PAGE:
Money received (or property received) prior to a business being carried on is not generally assessable income. Likewise, you cannot claim deductions incurred prior to the business being carried on.

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    Using cryptocurrency for business transactions

    If you receive cryptocurrency for goods or services you provide as part of your business, you need to include the value of the cryptocurrency in Australian dollars as part of your ordinary income. This is the same process as receiving any other non-cash consideration under a barter transaction.

    One way of determining the value in Australian dollars is the fair market value which can be obtained from a reputable cryptocurrency exchange.

    Where you purchase business items using cryptocurrency (including trading stock) you are entitled to a deduction based on the arm’s length value of the item acquired.

    See also:

    • TR IT 2668 Income tax: barter and countertrade transaction

    Exchanging a cryptocurrency for another cryptocurrency

    Where you exchange one cryptocurrency for another cryptocurrency, you dispose of one CGT asset and acquire another CGT asset.

    Where you receive property instead of cash as part of a transaction, you are usually taken to have the market value in Australian dollars of the property received.

    We are currently consulting with industry and other interested stakeholders to seek feedback on practical compliance issues arising from cryptocurrency to cryptocurrency transactions. You can contribute to the conversation on Let's TalkExternal Link. The consultation closing date through Let's Talk is 20 April 2018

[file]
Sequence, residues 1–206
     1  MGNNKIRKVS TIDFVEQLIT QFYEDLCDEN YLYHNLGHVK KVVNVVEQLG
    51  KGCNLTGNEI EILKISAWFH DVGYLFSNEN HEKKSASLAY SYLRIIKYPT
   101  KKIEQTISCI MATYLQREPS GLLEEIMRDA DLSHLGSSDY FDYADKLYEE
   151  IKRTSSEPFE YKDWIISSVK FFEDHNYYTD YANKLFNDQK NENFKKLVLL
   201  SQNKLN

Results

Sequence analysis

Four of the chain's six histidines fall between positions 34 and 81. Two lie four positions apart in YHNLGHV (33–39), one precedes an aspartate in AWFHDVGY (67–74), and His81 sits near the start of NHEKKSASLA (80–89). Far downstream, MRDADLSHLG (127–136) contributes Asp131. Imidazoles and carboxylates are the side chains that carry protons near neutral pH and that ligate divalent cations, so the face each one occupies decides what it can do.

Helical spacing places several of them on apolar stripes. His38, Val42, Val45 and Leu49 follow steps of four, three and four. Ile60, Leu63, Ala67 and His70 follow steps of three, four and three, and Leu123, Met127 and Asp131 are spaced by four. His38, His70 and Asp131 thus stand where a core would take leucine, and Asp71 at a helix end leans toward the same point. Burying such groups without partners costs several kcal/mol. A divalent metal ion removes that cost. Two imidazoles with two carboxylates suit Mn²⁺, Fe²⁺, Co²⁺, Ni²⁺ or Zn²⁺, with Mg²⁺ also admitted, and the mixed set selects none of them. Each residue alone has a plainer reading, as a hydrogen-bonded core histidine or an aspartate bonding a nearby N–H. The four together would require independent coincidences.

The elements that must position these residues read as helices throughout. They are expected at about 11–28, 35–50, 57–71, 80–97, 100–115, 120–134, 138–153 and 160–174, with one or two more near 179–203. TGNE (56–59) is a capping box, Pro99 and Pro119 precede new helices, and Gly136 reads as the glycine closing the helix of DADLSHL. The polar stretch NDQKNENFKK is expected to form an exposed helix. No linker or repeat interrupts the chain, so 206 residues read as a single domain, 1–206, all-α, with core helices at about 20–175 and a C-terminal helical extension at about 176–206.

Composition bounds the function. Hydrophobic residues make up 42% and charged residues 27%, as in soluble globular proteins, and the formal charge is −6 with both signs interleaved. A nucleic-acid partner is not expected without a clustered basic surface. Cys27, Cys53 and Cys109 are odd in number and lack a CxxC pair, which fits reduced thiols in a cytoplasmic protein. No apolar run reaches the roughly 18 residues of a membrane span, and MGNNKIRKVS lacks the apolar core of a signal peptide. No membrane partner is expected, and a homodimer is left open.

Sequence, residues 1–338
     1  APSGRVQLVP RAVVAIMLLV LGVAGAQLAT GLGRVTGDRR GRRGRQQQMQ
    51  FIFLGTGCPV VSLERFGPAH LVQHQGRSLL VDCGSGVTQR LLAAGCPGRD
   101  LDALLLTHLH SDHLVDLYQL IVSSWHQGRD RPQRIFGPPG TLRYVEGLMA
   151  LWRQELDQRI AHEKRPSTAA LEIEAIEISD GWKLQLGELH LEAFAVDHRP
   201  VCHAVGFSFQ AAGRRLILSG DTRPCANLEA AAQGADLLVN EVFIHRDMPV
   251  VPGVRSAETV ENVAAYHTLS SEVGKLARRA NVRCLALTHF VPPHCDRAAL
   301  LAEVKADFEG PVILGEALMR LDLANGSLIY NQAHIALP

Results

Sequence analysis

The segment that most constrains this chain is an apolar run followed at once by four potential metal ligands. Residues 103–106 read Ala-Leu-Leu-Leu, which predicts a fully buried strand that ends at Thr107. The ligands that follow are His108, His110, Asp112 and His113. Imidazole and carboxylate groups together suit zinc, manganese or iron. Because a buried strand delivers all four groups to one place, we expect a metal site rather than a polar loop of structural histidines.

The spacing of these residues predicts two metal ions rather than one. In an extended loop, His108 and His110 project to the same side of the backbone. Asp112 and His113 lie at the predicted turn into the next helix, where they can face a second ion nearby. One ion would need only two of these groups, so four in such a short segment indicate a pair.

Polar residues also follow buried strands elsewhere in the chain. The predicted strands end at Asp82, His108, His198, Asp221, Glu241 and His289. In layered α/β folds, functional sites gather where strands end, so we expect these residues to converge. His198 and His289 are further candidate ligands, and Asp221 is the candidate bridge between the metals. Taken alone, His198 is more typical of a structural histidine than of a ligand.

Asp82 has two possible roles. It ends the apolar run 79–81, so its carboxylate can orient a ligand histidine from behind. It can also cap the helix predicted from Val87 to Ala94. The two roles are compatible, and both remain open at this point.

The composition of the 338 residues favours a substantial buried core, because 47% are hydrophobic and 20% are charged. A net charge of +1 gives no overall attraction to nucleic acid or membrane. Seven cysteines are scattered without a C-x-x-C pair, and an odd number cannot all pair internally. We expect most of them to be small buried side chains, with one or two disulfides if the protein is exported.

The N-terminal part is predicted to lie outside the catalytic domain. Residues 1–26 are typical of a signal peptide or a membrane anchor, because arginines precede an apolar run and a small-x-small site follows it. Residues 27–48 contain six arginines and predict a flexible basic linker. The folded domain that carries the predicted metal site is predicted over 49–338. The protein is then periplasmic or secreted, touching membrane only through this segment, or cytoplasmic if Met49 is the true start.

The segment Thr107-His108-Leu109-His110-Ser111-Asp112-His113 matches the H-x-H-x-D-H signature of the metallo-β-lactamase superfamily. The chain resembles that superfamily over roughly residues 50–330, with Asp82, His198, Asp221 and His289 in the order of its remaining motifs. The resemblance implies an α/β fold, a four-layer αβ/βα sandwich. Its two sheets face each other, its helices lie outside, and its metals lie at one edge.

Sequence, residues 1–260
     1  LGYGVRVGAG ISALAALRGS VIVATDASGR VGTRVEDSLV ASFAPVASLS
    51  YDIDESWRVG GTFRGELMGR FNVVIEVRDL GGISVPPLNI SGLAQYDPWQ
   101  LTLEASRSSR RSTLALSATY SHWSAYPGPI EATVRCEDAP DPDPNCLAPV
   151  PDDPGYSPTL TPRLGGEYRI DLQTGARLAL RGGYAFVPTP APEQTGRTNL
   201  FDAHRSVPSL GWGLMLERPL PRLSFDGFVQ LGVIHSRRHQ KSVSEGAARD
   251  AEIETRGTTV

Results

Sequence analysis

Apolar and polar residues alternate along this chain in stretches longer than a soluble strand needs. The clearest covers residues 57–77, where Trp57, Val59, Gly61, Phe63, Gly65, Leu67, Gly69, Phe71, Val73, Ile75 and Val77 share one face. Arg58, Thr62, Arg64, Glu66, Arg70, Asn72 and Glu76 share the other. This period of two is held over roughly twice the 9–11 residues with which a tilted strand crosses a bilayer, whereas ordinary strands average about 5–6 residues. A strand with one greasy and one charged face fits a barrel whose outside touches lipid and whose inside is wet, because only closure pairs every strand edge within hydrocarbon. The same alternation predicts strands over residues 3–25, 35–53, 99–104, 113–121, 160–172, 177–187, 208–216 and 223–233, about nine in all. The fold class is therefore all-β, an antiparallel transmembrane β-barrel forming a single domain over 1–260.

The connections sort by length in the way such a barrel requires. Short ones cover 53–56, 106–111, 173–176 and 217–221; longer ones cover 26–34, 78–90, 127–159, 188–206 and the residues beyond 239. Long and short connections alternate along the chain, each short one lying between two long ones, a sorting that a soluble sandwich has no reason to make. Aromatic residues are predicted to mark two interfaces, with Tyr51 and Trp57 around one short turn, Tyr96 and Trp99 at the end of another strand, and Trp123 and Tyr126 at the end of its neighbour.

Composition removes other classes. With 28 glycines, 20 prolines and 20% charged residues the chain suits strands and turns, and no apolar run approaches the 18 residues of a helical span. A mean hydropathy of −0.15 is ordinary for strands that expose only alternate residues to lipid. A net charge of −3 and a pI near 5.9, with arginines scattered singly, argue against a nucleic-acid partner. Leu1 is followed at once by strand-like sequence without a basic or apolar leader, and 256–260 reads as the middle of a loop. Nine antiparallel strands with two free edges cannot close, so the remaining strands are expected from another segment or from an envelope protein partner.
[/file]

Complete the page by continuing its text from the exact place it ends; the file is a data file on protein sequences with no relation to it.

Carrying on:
See also:

    Example: exchanging a cryptocurrency for another cryptocurrency

    Katrina exchanges one coin of Cryptocurrency A for five coins of a Cryptocurrency B. The market value in Australian dollars for both the one coin of Cryptocurrency A and the five coins of Cryptocurrency B is $5,000.

    When working out whether or not she has made a capital gain or loss on the disposal of Cryptocurrency A, Katrina's capital proceeds are $5,000.

    Paying salary or wages in cryptocurrency

    Where an employee has a valid salary sacrifice arrangement with their employer to receive cryptocurrency as remuneration instead of Australian dollars, the payment of the cryptocurrency is a fringe benefit and the employer is subject to the provisions of the Fringe Benefits Tax Assessment Act 1986.

    In the absence of a valid salary sacrifice agreement (for example, where the employee requests that salary or wages they have already earned be paid as cryptocurrency instead), the employee is considered to have derived their normal salary or wages and the employer will need to meet their pay as you go obligations on the Australian dollar value of the cryptocurrency it pays to the employee.

    See also:

    • TR 2001/10 Income tax: fringe benefits tax and superannuation guarantee: salary sacrifice arrangements

    Further information

    More information on tax treatment of bitcoin and cryptocurrencies like bitcoin can be found in the Taxation determinations below:

    • TD 2014/25 Income tax: is bitcoin a ‘foreign currency’ for the purposes of Division 775 of the Income Tax Assessment Act 1997 (ITAA 1997)?
    • TD 2014/26 Income tax: is bitcoin a CGT asset for the purposes of subsection 108-5(1) of the Income Tax Assessment Act 1997 (ITAA 1997)?
    • TD 2014/27 Income tax: is bitcoin trading stock for the purposes of subsection 70-10(1) of the Income Tax Assessment Act 1997 (ITAA 1997)?
    • TD 2014/28 Fringe benefits tax: is the provision of bitcoin by an employer to an employee in respect of their employment a property fringe benefit for the purposes of subsection 136(1) of the Fringe Benefits Tax Assessment Act 1986?

    Additional information from ASIC and AUSTRAC maybe useful for anyone looking to invest or transact in cryptocurrencies:

      Last modified: 16 Mar 2018QC 42159